CTO Reports Indicate a Rebound in Caribbean Tourism - My Family Travels

Despite an unstable economy, the Caribbean Tourism Organization (CTO) – a coalition of 30 countries working towards the advancement of Caribbean peoples through the development sustainable tourism – is predicting moderate growth in 2010.  

At a June 10, 2010 press conference in New York City, the CTO stated that 23 of the 33 CTO member countries are reporting a 4.5% increase in arrivals so far this year.

With a 6.5% spike in arrivals during the first four months of 2010, the United States has emerged as the region’s strongest market. Considering the double-digit decline experienced at the peak of the recession last year, this jump is reassuring for Caribbean countries that depend heavily on the arrival American tourists.

In contrast, European arrivals are declining at a rate of 4.3%. Poor performance by the European market has been linked to a declining Euro, unrest in the UK airline industry and international air travel being disrupted by Icelandic volcanic ash.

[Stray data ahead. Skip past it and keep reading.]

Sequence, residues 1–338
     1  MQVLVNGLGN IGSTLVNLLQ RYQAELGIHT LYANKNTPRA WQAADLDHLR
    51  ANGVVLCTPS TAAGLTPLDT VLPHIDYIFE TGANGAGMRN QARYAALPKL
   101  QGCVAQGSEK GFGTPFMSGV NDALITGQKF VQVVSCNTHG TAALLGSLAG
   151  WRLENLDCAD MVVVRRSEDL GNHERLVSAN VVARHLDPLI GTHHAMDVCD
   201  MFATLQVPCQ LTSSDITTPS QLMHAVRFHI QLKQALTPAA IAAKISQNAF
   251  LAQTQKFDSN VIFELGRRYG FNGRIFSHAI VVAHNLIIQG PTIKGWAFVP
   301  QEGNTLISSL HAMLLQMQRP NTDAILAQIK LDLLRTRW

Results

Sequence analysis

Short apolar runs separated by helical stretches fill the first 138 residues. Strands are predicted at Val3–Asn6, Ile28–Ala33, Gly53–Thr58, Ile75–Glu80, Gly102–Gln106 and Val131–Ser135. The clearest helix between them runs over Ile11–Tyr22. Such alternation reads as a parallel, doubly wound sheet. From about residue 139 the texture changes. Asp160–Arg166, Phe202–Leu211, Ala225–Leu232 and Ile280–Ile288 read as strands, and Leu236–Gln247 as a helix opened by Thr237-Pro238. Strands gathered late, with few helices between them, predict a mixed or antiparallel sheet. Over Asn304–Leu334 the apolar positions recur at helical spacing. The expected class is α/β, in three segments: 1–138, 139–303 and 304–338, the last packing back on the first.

As airlines struggle to optimize profits from scheduled routes to and from the Caribbean, as well as inter-island flights, the region is experiencing a decline in travelers arriving by plane. In contrast, cruise visitor arrivals have increased by 4.5%. This particular data has left many Caribbean businesses hesitantly optimistic however. Yes, cruises do expose larger numbers of visitors to more Caribbean destinations, but cruise excursion packages are intercepting dollars that would otherwise go directly into a local economy.

Even with a jump in visitors arriving on cruise ships, Caribbean hotels are reporting growth this year. After hotel occupancy went down 4.1% in 2009, occupancy and average room rates both increased in the first quarter of 2010.

With the release of this information by the CTO, the region is expected to continue mining its strongest market, the United States. Destinations that depend heavily on European traffic will indeed struggle to balance profits and discounts, whereas destinations popular with American vacationers will attempt to maintain growth by extending eye-catching deals and promotions here in the United States.

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